AA: There's this line in the play, “I'm a recovering Egyptian.” It’s an interpretation of something my father said: “Sometimes I feel like I'm recovering from Egypt.” I loved that. Recovering from, I think he meant, the ways that that society kind of oppresses, or oppressed him personally, and left him laden with a certain shame, and ways of thinking that he has defined himself against now, over the years of his absence. My dad is not a character in this play, but there are parts of him in the play. And I took that and shared that line with him, and he said, “That's not how I feel at all!” [Laughter.]

I think he's the reason I'm a writer. So I've definitely created this piece in conversation with him.

JB: That's beautiful.

As a writer, solitude has become such a part of my practice. I am always so keen to hear from other writers a bit about their processes, because it feels so inspiring and so delicious to be like, “Oh, you do this!” So I have a couple of writer-process questions if that's cool.

Do you have a favorite space or place to write?

AA: To silence the perfectionist part of myself, I have, especially in this process — which has held so many experiences now over so many years that I feel like it's laden with a lot of feeling, impostor syndrome included — I've been going to public space. Like, filling myself with self with conversations. I've been going to this cafe, Cute Cat Cafe.

JB: I was just there! Love that place. I had a sandwich.

AA: Yes! So I sit at Cute Cat. And now I know everyone there, and all the cats. And the folks there are so kind, because I see them every other day. And I realized this is like a huge hangout for the Egyptian community in Ridgewood. There is a huge Egyptian Coptic community in Ridgewood. And I was writing a scene like two or three months ago. I know you write in solitude, but you know sometimes when your brain listens to something that you're not fully conscious you're listening to? I realized I was listening to a conversation in Arabic behind me, among young people, younger than me. I went back the next day, and the same thing happened. I was just surrounded by Egyptian Arabic, and stories, and young folks who were like, not speaking English to each other! I have a date to meet up with some of these wonderful people who invited me to join the youth group at their church, which I’m so looking forward to. But I just realized that the universe brought me to Ridgewood by happenstance, and I've been seeing the younger generation of Egyptians in diaspora speaking fluent Arabic here. And you know, with their noses and septums pierced, and bright blue hair, and you know, just living their best lives with their parents. It’s fascinating and wonderful to watch how we evolve and still hold our identities alongside all of our evolutions over time. So I've been going to Cute Cat.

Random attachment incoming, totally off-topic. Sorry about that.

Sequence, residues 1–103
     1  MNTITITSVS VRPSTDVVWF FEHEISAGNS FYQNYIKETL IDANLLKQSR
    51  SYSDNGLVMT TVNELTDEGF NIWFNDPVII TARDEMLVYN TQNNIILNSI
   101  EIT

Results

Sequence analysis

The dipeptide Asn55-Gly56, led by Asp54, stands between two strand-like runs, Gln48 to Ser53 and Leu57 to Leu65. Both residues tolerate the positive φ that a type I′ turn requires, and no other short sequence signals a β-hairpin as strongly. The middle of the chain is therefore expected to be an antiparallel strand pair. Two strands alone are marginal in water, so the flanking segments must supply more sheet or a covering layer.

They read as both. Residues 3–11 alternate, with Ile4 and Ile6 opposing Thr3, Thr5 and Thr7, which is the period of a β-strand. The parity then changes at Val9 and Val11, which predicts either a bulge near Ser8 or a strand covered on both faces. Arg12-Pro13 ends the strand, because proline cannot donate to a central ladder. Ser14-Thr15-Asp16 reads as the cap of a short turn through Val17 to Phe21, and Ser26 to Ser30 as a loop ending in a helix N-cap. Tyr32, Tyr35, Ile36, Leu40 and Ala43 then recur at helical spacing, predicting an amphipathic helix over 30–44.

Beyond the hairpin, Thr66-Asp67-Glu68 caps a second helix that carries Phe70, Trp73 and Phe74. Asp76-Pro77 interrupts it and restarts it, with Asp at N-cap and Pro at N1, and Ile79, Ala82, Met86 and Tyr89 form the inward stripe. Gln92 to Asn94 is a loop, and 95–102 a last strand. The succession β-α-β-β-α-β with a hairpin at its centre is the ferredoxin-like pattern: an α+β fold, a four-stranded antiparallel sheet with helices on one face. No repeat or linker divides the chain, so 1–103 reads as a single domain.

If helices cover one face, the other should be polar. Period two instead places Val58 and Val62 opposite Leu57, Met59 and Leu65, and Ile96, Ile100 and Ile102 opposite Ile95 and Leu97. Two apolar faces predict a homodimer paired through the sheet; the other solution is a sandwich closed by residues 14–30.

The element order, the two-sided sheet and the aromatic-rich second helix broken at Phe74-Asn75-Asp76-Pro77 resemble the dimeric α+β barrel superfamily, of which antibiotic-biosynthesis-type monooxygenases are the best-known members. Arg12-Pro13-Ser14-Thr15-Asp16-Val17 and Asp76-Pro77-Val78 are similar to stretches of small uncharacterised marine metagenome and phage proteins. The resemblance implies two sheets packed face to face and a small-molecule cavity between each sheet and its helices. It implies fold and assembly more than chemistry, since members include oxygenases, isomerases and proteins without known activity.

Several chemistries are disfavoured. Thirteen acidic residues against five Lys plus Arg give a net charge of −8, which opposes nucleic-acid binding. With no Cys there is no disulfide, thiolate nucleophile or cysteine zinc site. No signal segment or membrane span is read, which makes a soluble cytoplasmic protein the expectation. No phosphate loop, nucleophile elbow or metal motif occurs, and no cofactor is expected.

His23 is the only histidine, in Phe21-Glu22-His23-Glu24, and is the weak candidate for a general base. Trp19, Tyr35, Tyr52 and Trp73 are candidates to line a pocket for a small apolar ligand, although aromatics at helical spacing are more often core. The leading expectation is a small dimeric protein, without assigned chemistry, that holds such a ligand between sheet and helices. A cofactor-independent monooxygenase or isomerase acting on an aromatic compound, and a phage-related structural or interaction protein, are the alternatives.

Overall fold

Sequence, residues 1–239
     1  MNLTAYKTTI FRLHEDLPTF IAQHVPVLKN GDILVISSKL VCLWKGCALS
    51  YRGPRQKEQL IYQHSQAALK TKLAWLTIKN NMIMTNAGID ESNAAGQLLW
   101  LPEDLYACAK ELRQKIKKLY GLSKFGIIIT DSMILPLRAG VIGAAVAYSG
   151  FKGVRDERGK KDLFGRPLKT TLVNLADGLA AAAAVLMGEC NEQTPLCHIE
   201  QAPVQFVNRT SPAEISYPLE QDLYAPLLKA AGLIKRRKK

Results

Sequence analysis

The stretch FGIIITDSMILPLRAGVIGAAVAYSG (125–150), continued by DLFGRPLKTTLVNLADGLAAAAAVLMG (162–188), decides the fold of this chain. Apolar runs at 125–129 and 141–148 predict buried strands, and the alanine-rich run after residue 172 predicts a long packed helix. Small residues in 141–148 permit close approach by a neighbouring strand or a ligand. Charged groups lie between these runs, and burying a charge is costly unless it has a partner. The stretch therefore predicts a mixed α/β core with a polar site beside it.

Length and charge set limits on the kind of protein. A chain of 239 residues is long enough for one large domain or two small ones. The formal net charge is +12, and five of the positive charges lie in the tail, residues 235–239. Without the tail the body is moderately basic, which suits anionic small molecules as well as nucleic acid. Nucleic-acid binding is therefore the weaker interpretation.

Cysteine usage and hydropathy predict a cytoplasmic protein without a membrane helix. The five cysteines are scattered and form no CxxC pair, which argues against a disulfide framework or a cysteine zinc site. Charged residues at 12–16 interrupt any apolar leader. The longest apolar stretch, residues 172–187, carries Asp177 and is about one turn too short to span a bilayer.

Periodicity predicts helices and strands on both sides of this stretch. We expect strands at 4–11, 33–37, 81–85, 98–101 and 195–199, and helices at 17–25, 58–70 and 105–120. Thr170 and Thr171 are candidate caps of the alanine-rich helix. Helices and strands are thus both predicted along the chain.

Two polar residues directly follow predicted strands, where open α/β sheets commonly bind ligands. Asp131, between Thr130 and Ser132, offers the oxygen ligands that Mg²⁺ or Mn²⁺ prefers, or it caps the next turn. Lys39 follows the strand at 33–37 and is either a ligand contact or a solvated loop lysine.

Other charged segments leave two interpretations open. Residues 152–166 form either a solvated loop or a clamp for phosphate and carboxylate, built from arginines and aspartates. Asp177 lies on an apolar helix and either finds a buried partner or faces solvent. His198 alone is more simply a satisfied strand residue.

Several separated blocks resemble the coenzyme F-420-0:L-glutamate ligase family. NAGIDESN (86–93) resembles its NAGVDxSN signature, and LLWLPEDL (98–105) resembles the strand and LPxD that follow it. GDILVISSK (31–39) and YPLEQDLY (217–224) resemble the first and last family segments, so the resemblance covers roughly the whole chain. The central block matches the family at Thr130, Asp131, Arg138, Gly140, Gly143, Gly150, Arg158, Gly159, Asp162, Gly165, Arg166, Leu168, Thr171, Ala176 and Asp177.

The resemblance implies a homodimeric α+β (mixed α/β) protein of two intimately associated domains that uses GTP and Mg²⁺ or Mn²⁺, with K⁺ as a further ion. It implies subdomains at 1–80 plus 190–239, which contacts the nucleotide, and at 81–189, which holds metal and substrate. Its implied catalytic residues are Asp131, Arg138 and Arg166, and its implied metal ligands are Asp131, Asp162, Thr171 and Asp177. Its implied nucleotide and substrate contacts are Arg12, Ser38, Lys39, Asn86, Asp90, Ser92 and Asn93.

JB: Having meet-cutes at Cute Cat!

AA: I'm just so blessed. Who knew? I had no idea there was such an enclave here.

JB: You continue to write music. And I'm curious to know, in the context of your larger body of work, how do you navigate the shifts between the modes in which you're working?